This account of the Japanese Shipping Industry treats both the shipping lines and the shipbuilding industry, focusing principally upon the economic developments, following the growth and boom of the 1950s and 60s. The perspective is wide-ranging and the authors relate Japanese shipping not only to the national economy and that of SE Asia but to the world shipping industry as a whole.
First published in 1990, this title is part of the Bloomsbury Academic Collections series.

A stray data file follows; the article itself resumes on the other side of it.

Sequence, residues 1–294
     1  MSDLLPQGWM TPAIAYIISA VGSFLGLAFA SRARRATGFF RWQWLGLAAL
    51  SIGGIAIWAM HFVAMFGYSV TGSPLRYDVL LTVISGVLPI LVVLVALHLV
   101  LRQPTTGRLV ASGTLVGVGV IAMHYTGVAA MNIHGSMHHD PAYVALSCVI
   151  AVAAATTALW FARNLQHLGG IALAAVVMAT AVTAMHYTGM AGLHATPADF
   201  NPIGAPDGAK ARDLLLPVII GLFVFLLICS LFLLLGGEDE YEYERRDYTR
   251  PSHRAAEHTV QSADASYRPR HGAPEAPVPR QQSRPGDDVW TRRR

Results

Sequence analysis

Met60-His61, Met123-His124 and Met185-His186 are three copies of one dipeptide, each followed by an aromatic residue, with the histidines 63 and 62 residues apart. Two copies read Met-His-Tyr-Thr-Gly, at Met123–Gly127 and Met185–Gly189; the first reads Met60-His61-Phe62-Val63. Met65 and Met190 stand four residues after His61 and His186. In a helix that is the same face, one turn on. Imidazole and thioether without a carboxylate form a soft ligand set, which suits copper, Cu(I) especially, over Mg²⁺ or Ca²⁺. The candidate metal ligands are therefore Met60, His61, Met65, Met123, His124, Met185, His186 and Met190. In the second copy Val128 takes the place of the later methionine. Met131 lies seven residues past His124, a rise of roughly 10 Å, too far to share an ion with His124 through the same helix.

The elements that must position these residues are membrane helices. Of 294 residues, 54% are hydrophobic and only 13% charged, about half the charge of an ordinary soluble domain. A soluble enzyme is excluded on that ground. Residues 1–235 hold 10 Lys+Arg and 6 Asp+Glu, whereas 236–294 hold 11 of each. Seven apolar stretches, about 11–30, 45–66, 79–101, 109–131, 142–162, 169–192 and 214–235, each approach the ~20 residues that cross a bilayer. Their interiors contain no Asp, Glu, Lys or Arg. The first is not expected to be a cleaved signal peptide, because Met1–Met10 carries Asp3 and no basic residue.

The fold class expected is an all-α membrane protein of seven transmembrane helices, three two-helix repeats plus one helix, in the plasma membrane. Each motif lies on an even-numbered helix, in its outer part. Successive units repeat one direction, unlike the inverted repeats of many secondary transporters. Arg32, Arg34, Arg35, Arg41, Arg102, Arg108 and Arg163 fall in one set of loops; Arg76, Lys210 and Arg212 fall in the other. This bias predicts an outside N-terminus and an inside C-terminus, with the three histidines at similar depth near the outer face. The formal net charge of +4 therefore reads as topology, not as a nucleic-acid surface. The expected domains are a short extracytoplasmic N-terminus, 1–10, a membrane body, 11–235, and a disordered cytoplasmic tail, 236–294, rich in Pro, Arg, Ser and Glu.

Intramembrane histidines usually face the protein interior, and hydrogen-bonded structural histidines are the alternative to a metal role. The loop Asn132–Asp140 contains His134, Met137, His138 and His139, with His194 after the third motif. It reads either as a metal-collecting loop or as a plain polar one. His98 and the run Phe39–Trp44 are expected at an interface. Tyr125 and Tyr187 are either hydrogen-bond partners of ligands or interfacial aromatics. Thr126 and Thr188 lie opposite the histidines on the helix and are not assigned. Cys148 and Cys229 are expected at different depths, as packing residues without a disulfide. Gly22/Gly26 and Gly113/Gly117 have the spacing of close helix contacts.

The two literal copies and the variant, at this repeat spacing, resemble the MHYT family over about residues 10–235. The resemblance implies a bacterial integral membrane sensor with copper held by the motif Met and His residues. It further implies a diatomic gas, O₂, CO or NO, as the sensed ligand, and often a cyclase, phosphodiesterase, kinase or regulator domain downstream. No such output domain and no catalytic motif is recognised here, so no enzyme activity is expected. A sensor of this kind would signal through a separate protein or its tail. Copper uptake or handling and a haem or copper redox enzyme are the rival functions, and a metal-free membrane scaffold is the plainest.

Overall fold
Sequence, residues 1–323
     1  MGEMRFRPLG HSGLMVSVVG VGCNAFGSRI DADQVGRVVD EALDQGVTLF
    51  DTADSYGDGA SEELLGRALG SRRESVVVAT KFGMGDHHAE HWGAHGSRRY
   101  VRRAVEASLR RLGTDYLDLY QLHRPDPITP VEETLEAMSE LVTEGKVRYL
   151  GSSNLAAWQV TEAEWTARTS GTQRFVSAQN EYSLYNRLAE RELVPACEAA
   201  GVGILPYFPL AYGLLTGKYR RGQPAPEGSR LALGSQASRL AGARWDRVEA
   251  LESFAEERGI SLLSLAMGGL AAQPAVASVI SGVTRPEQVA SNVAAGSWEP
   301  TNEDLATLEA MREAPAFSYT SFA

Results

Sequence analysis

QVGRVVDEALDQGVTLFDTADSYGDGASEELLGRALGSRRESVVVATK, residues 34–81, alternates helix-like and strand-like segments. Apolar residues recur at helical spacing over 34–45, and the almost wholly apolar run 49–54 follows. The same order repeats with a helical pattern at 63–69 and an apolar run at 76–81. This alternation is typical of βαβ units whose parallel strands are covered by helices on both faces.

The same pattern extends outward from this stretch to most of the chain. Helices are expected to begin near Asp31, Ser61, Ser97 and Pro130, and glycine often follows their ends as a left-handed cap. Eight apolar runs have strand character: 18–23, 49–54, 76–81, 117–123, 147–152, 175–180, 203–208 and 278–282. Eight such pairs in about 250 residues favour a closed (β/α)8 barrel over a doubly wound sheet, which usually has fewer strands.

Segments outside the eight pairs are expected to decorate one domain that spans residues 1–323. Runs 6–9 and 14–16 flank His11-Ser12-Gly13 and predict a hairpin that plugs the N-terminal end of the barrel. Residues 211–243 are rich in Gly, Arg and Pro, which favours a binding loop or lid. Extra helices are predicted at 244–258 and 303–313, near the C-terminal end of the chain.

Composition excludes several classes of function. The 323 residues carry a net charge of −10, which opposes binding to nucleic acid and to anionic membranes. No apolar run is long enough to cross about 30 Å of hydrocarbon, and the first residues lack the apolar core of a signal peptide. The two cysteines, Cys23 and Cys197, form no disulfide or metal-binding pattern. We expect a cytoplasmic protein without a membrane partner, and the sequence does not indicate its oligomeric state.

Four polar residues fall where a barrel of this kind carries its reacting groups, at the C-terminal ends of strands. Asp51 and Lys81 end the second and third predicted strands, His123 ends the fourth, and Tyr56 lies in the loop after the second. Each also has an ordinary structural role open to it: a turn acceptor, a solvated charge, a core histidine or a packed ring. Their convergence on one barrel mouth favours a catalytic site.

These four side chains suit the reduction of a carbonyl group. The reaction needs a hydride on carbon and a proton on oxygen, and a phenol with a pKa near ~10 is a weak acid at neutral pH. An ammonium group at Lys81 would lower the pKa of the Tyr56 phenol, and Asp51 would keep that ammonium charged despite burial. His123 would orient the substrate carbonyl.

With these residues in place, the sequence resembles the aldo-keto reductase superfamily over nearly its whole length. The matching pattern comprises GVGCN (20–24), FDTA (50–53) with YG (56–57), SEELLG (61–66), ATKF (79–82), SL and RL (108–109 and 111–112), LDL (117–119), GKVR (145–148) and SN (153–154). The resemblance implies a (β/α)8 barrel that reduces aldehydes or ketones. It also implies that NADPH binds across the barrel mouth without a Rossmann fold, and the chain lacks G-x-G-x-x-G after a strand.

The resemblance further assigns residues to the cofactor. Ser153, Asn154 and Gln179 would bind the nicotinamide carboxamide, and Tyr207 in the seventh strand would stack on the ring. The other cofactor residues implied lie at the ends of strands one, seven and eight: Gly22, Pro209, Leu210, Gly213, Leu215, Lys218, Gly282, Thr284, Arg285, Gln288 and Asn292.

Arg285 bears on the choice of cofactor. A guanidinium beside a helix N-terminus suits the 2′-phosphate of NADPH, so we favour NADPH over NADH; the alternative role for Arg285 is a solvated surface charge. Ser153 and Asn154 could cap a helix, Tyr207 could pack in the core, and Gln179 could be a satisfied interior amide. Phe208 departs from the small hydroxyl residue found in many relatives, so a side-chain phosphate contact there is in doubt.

Motor vehicles are prominent among the flows of exports and/or imports for Canada, Germany, Japan, and the United States, and these trade flows are heavily influenced by the basic relative competitiveness of the production processes for automotive manufacturing. In this book the authors analyze the factors that contributed to the comparative cost competitiviness of the four countries' auto industries over the period 1961-1984 and disentangle the factors contributing to the Japanese cost and efficiency advantages. The authors provide estimates of comparative costs of automobile production (both short-run and long-run) and the sources of these cost differences, based on the econometric cost function methodology. An innovation is the careful treatment of capacity utilization, one of the most important sources of short-run cost and efficiency differences. This methodology is also used effectively in an analysis of the Canada-U.S. Auto Pact, a unique experiment in trade liberalization. Previous estimates of cost and efficiency differences using the plant inspection and comparison of company financial reports methodologies are also evaluated.
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